Signs That Indicate a Tooth Needs to Be Pulled

Many assume that a toothache automatically means it’s time to pull a tooth. However, pain alone is not a reliable indicator for tooth extraction. In fact, severe toothaches may not always necessitate extraction, and there are cases when painless teeth do need to be pulled. This article will highlight the key signs that signify a tooth requires extraction.

Insufficient Tooth Structure Above the Gums

To restore a tooth to its normal function and shape, there needs to be an adequate amount of tooth structure above the gums. Often, we come across teeth with crowns that break off, leaving very little exposed above the gums. These teeth could have undergone previous root canal treatments or none at all.

The same applies to teeth severely damaged by extensive decay. As decay progresses, it softens the enamel and dentin, resulting in a crumbly texture. Left untreated, cavities can spread throughout the entire tooth, leaving only the roots intact.

While it’s possible to attach crowns to posts that anchor within the tooth’s root, long-term success is unlikely. There is a high risk of the crown fracturing again in the future. In such cases, it is more beneficial to remove the remaining root(s) and replace the tooth with a dental implant. If you have a broken tooth that is level with the gums, it is advisable to have it pulled.

Recurrent Infections after Root Canal Treatments

Root canal treatments are performed to remove infected or injured nerve and blood vessels from a tooth’s hollow chamber. If a tooth that has undergone one or more root canal treatments becomes infected again, the success rate of further treatment decreases. With each subsequent treatment, the chances of success diminish further. Therefore, if you have a tooth that has had multiple root canal treatments and experiences another infection, pulling the tooth is recommended.

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Root Fracture

Nowadays, fractured teeth are becoming increasingly common, possibly due to the growing stress levels that cause people to clench or grind their teeth during sleep. Whatever the cause, cracked teeth are a daily occurrence. The severity of the crack determines the appropriate treatment. Superficial cracks may be treated with fillings or dental crowns. However, if the crack reaches the nerve inside the tooth, a root canal treatment and a crown are necessary. The most severe type of crack extends into the root.

A root fracture indicates a poor long-term prognosis for the tooth. The continuous contamination resulting from the fracture prevents any treatment from being successful in the long run. Therefore, if you have a root fracture, it is best to have the tooth pulled.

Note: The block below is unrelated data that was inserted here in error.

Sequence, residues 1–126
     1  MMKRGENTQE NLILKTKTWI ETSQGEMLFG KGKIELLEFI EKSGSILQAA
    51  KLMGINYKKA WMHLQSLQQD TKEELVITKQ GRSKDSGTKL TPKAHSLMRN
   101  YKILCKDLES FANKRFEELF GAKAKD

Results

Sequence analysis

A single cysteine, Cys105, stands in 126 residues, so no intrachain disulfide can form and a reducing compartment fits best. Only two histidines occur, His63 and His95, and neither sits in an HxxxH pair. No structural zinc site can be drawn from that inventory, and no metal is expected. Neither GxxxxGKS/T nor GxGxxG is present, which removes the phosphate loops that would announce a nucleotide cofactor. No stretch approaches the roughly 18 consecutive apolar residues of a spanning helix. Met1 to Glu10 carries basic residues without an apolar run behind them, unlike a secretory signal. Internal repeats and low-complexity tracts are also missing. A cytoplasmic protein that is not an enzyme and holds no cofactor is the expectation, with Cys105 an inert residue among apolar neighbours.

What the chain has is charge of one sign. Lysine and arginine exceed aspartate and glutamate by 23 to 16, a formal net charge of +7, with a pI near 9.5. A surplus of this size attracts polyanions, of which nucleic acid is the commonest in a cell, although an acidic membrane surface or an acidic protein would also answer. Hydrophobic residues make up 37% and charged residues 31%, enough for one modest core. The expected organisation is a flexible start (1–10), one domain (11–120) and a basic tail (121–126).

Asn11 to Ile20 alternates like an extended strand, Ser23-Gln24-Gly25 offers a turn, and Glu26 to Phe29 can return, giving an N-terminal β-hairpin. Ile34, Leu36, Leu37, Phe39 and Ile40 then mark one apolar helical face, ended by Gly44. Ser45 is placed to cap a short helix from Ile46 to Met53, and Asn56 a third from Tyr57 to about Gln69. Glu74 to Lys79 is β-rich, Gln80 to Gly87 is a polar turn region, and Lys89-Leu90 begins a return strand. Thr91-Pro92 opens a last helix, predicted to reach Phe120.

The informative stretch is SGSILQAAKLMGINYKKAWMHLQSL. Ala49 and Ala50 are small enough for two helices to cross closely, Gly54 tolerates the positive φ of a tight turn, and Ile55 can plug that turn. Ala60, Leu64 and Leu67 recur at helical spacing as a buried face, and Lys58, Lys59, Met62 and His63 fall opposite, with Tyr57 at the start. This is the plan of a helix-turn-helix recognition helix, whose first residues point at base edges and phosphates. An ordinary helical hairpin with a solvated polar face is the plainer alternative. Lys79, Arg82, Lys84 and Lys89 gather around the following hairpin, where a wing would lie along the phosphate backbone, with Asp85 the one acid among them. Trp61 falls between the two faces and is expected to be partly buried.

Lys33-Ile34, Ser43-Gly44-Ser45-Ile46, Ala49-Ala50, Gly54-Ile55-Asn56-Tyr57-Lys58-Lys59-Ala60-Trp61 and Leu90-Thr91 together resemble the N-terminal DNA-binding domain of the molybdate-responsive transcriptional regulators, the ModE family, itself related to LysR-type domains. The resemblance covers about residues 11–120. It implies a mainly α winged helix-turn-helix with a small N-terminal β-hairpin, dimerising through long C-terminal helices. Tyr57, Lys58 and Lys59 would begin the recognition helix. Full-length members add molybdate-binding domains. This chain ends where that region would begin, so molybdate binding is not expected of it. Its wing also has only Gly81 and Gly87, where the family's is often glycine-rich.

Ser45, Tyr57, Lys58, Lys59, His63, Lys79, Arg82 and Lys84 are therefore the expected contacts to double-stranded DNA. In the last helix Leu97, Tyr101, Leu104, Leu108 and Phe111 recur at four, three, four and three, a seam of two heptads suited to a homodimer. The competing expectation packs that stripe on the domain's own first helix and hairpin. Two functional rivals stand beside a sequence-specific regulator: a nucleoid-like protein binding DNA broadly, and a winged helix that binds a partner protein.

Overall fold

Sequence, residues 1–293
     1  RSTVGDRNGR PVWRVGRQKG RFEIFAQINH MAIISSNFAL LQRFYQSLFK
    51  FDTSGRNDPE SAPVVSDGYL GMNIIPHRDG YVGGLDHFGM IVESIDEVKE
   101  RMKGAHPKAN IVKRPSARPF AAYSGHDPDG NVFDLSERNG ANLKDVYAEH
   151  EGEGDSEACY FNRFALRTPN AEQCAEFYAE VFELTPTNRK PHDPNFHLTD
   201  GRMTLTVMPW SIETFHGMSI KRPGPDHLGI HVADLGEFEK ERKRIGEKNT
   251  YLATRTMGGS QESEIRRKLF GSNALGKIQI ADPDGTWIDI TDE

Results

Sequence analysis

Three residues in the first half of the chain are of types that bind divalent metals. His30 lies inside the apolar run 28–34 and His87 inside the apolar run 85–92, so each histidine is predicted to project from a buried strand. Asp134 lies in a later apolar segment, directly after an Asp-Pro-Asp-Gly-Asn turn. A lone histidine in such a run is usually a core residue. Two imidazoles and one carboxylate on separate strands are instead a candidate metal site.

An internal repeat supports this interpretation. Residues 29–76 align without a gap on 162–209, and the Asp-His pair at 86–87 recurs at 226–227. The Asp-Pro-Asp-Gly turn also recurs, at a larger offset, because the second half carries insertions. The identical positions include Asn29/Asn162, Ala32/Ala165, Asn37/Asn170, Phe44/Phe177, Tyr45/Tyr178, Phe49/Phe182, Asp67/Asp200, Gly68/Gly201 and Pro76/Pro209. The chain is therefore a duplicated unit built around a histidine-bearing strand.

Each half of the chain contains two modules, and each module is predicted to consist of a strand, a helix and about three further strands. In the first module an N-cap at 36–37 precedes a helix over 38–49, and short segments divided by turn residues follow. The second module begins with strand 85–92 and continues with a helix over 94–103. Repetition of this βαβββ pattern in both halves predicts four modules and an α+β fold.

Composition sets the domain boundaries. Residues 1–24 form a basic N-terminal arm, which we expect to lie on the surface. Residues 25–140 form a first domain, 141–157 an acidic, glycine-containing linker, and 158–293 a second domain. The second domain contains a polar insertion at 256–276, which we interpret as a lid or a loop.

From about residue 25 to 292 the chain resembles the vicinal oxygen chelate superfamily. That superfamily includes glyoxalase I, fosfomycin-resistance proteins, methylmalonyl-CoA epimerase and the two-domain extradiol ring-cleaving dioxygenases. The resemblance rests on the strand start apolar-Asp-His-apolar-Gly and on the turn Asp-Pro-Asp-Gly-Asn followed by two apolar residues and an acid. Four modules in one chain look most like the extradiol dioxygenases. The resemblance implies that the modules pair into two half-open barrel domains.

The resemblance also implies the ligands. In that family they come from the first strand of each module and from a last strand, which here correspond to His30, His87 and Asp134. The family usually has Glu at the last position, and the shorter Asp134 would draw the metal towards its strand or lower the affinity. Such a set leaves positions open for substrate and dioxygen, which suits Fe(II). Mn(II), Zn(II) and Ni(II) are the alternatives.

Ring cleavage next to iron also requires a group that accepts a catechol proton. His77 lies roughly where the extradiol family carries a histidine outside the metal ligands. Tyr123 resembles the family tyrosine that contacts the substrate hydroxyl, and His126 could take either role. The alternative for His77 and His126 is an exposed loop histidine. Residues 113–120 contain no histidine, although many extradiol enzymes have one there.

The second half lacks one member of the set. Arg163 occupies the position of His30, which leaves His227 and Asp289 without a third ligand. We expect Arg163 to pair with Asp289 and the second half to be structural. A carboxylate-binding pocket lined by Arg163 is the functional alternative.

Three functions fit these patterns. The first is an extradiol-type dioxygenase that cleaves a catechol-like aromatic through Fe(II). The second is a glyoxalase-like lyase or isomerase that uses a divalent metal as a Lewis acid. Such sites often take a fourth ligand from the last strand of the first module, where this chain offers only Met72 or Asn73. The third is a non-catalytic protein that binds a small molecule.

Excessive Tooth Looseness

The connection between teeth and jawbones relies on ligaments and gum tissue. Advanced gum disease can destroy this connection due to bacterial toxins present in plaque and tartar buildup. As a result, teeth become progressively looser over time, similar to how soil erosion can cause a tree to collapse eventually. Teeth require sufficient attachment to the bones to remain stable.

Mild to moderate gum disease responds well to treatment, allowing you to retain your teeth for many years. However, severe gum disease presents a challenge. If your teeth are so loose that you can easily “wiggle” them with tongue pressure, their long-term prognosis is unfavorable. It is nearly impossible to regain attachment in severely loosened teeth. Therefore, if your teeth are extremely loose, extraction is the recommended course of action.

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Dangerous Swelling

In certain cases, infections in and around the teeth can lead to dangerous swelling. As an infection spreads from the tooth to the surrounding gum and bone, it can cause swelling below the tongue, posing a significant risk to the airway. If the swelling becomes so severe that it obstructs the airway, it can be life-threatening.

The quickest way to address a dangerous infection like the one described above is to remove the affected tooth. While root canal treatments may sometimes salvage these teeth, there is still a slight risk of residual bacteria. To eliminate the infection as rapidly as possible, extraction is the preferred option.

Still Have Questions about Tooth Extraction?

Contact your closest Premier Dental of Ohio location today to schedule a consultation with one of our Central Ohio dentists. They can assess your specific situation and provide you with an expert opinion regarding the available treatment options.

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